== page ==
BSHQ Fear Factor: Puerto Rican Moonshine Edition

May 29th, 2012 by Bloodshot

In this episode of "We'll Drink / Eat It!", a friend gave us a TSA-sized sample of Puerto Rican moonshine for us to swill before we started the long weekend. Here's what our shine runner had to say about what we were about to taste:

Made in Puerto Rico by a cousin I've never met, acquired from the trunk of... Read more

A Gustatory Voyage to and fro SXSW

April 16th, 2012 by Bloodshot

Every year this thing called the South by Southwest Festival happens in Austin TX.  It's a free-for-all of sleazy music industry hacks and ladder climbers, musicians by the freight car load chasing/living the dream, deadbeats cabbaging free energy drinks and designer vodkas at any one of a thousand corpo-life-style day parties, bloggers documenting every spontaneous utterance or chord instantly, sleep-deprived... Read more

BSHQ Fear Factor: Mystery Chinese Liquor Edition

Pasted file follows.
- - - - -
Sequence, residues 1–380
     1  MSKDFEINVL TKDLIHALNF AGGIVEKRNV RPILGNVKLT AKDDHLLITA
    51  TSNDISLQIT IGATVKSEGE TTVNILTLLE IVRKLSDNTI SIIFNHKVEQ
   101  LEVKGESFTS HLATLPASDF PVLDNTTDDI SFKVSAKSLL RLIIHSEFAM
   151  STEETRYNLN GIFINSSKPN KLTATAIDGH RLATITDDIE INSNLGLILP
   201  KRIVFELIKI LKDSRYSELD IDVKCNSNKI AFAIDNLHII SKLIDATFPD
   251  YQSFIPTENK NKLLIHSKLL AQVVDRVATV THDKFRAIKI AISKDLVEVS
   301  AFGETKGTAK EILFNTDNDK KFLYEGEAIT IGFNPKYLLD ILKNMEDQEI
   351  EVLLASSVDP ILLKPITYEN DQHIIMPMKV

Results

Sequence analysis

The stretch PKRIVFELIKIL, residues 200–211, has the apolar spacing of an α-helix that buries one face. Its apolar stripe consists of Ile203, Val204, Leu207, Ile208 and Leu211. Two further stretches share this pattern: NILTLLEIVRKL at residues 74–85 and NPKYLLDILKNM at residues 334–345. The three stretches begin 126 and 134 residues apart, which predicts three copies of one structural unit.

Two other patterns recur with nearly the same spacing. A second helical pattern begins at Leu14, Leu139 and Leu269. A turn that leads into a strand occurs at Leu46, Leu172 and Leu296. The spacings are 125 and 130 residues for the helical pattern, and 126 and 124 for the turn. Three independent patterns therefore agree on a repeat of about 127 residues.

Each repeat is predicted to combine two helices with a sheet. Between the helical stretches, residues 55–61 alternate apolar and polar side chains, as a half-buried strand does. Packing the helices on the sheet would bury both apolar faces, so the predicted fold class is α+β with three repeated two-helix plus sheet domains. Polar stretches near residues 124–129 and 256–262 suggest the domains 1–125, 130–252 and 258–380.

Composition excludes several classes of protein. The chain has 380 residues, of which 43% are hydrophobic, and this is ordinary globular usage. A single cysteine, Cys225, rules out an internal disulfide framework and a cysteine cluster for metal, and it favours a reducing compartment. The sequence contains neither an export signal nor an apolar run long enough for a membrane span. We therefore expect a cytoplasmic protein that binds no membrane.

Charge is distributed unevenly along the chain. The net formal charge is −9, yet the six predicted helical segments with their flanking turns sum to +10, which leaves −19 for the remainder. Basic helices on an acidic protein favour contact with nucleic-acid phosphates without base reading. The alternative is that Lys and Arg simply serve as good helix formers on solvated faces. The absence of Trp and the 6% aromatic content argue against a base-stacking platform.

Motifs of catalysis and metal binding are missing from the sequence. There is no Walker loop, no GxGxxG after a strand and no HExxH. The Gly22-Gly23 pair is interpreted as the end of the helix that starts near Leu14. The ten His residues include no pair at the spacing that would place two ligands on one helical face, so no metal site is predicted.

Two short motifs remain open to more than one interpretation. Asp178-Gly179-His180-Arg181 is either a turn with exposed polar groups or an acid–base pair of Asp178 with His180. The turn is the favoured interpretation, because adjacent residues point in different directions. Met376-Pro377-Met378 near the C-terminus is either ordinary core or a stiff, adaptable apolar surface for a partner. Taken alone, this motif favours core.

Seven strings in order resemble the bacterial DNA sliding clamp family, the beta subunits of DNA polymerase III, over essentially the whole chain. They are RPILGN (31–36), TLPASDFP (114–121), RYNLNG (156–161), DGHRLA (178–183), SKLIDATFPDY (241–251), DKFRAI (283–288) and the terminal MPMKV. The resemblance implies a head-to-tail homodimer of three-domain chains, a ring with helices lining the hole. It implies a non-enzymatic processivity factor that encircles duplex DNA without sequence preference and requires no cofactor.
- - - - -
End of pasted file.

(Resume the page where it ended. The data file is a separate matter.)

February 13th, 2012 by Bloodshot

For many years our label manager was one Steven Dube. He left the music racket in order to pursue his dream of being in the US Foreign Service.  We assume he is doing good.

After cushy postings in Milan, Italy and Seoul South, Korea, Steve now finds himself in Chengdu, China. He recently sent the office a big box of... Read more

The Worst Meat I Ever Ate

January 1st, 2011 by Bloodshot

Meatpaper is a wonderful publication out of San Francisco that explores the love and art of meat. So when they called for readers to submit essays on "The Worst Meat I Ever Ate" to be published in their fall 2010 issue ( get it here), Rob Miller answered the call (after being nudged by JP to submit). For some reason, Meatpaper passed on Rob's essay, and JP was fired as Rob's literary agent. Whatever the case was for the rejection, here's the unpublished essay:

Gai Farang,
Or, why I became a temporary vegetarian in Thailand
By Rob Miller

Traveling by motorcycle in Issan, the remote and untouristed northeastern part of Thailand, my friend and I went to the only restaurant in Khong Chiam, a dusty, sleepy town on the Mekong River overlooking Laos.  At the only other occupied table were three visibly potted middle-aged Thai men who enthusiastically gestured for us to join them. The gentlemen, the head schoolmaster, the mayor and the area’s government liaison, were red-eyed and reeling. "A feast is in order," one shouted. "It is an honor to entertain you," and they commanded the drowsy staff into action. Read more

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